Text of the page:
hort.net Seasonal photo, (c) 2006 Christopher P. Lindsey, All Rights Reserved: do not copy
articles | gallery of plants | blog | tech blog | plant profiles | patents | mailing lists | top stories | links | shorturl service | tom clothier's archive0
 Navigation
Articles
Gallery of Plants
Blog
Tech Blog
Plant Profiles
Patents
Mailing Lists
    FAQ
    Netiquette
    Search ALL lists
    Search help
    Subscription info
Top Stories
Links
sHORTurl service
Tom Clothier's Archive
 Top Stories
Disease could hit Britain's trees hard

Ten of the best snowdrop cultivars

Plant protein database helps identify plant gene functions

Dendroclimatologists record history through trees

Potato beetle could be thwarted through gene manipulation

Hawaii expands coffee farm quarantine

Study explains flower petal loss

Unauthorized use of a plant doesn't invalidate it's patent

RSS story archive

Re: Re: mulch


That's why I use cedar, available locally and sustainable. Bet the
redwood is pretty though! But cedar smells good and is naturally insect
repellent, which is a plus.

  
Pam Evans
Kemp, TX
zone 8A
----- Original Message -----
From: David Franzman
Sent: 5/9/2004 11:45:17 PM
To: gardenchat@hort.net
Subject: Re: [CHAT] mulch

> Redwood!  Probably not readily (or should it  be ready? Jim?) available for
> 9/10's of the country.  But it's very good.
> 
> David Franzman
> A Touch of the Tropics
> www.atouchofthetropics.net
> ----- Original Message -----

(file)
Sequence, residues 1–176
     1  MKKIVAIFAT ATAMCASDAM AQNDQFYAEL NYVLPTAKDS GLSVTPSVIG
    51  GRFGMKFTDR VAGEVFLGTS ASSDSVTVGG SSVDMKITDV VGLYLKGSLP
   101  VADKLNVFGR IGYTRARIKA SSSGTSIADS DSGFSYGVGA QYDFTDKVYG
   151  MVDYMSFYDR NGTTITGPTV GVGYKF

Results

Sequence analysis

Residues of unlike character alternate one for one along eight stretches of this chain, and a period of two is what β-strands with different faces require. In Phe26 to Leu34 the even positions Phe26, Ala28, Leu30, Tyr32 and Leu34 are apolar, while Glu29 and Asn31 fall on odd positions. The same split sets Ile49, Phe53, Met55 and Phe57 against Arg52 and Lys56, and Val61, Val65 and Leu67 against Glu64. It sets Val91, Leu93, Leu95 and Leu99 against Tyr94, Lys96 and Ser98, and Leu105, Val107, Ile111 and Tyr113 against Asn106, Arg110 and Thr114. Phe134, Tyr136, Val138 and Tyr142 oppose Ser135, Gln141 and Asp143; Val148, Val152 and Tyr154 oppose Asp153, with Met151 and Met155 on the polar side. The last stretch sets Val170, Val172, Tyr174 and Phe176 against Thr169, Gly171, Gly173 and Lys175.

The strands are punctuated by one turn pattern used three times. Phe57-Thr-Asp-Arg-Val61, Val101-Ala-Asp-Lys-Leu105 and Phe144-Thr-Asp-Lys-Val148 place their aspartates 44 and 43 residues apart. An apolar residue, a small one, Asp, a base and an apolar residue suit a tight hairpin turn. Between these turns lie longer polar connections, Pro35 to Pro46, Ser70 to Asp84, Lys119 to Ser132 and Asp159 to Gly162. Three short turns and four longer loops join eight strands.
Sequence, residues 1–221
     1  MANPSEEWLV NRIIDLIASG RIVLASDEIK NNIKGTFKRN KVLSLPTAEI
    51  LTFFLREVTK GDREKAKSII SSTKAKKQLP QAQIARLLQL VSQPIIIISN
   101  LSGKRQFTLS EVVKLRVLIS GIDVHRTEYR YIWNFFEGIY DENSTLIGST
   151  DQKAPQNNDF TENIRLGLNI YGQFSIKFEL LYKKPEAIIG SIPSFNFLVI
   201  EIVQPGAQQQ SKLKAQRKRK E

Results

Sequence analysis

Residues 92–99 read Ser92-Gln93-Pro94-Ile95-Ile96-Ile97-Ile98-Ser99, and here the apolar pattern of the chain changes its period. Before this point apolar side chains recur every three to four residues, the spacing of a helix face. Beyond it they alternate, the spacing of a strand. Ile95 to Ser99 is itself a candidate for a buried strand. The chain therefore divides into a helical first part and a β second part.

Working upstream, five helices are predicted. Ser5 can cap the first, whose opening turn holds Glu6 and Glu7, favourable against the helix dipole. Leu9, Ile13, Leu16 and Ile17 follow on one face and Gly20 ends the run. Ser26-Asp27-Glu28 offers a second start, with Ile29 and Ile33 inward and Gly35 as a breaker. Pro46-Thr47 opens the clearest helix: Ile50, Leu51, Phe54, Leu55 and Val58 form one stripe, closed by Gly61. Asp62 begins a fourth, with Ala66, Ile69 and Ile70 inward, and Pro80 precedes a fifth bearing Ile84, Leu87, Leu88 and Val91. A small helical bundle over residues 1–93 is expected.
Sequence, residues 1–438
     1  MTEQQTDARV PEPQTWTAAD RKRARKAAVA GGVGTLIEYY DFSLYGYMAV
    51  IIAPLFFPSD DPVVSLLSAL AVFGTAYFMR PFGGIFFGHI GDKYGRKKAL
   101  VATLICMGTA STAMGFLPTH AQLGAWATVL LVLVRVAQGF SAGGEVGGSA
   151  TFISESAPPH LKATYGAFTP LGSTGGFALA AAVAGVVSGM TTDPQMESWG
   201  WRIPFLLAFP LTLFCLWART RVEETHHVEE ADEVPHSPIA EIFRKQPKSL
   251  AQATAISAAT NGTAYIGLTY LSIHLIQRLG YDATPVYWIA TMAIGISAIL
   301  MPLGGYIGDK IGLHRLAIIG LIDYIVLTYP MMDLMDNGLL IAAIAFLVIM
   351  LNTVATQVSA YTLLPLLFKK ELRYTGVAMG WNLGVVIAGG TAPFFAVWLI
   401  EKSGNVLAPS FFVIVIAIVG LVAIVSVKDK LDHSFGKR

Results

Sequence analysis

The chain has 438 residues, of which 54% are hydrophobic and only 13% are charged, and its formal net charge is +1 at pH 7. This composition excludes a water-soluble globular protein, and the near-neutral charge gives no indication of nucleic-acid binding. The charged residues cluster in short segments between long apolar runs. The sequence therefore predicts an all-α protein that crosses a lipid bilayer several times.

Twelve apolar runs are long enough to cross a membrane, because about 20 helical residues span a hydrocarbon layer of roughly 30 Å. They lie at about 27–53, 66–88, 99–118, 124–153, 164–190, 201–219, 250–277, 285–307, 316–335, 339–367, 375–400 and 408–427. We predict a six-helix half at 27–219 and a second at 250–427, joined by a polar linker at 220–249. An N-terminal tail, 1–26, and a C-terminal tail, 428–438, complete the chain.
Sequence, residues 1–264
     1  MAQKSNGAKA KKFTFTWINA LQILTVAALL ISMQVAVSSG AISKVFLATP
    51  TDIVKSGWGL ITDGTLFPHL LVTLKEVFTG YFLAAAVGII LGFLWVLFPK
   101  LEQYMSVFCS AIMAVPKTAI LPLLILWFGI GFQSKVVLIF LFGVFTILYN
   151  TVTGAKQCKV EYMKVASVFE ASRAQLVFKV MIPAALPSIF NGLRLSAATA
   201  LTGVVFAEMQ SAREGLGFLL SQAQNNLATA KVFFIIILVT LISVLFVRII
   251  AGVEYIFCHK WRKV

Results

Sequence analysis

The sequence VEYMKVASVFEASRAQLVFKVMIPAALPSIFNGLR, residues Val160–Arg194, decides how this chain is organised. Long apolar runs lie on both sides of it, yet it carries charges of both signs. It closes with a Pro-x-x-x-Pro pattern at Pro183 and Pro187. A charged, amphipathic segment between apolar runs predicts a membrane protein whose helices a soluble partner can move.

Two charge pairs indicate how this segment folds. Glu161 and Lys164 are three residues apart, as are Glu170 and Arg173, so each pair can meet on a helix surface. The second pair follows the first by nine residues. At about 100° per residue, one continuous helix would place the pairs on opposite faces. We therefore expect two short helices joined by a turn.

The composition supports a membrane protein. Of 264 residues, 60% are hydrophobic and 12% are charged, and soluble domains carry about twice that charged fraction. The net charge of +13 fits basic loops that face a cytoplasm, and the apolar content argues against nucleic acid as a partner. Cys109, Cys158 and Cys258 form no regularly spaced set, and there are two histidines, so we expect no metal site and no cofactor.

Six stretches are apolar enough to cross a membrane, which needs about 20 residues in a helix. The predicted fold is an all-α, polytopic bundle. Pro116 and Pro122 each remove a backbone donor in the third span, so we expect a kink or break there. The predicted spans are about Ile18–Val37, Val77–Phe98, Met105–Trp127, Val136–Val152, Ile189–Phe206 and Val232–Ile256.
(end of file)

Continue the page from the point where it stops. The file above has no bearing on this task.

> From: "Kitty" <kmrsy@comcast.net>
> To: "Agardenchat" <gardenchat@hort.net>
> Sent: Sunday, May 09, 2004 9:24 PM
> Subject: [CHAT] mulch
> 
> 
> > Question - poll, maybe.
> > What kind of mulch do you use?
> >
> > I ask, because I spent the entire day at my niece's new house redoing her
> > mulch.  In front, some lamebrain used black plastic about 15 yrs ago and
> > then piled on the mulch.  The beautiful birch tree did find ways around it
> > so that the roots were growing on top of the plastic in the somewhat
> > decomposed mulch - of course making it harder to extract.  On top of this
> > was some other mulch, hard to identify, more like sun-bleached wood scrap.
> >
> > In the back the previous owners had built a large deck.  When they
> > landscaped around it they used fabric this time, but the holes they cut
> for
> > the plants were barely big enough for the trunks. One hibiscus had
> thefabric
> > wrapped loosely 5 inches up the trunk.  Over this they had a layer of
> > Cypress mulch, thin in some areas, thicker in others.  I fail to
> understand
> > why this mulch is so popular.  In the 2 yrs it had hardened into an
> > impermeable mat such that when I poured water on it, it just rolled off
> like
> > a duck's back.  so I cut out more fabric and broke up all the mulch -
> should
> > have pitched it, but tried to save her a little by just topdressing.  I
> used
> > pinebark all around.
> >
> > So why is cypress so popular other than that it takes forever to
> decompose -
> > another reason I don't like it?  As I understand, it is also in trouble,
> > being harvested much too quickly.  Many local suppliers carry no pine
> > products.  Those that do will get in 50 skids of cypress to one of pine.
> > There's also hardwood mulch, but my experiences with that include bringing
> > in my first slugs, and also it seems it's appearance is more variable.
> >
> > So what kind do you use, if you use mulch?
> >
> > Kitty
> >
> > ---------------------------------------------------------------------
> > Support hort.net -- join the hort.net fund drive!
> > http://www.hort.net/funds/
> 
> ---------------------------------------------------------------------
> Support hort.net -- join the hort.net fund drive!
> http://www.hort.net/funds/

---------------------------------------------------------------------
Support hort.net -- join the hort.net fund drive!
http://www.hort.net/funds/



Other Mailing lists | Author Index | Date Index | Subject Index | Thread Index



 © 1995-2015 Mallorn Computing, Inc.All Rights Reserved.
Our Privacy Statement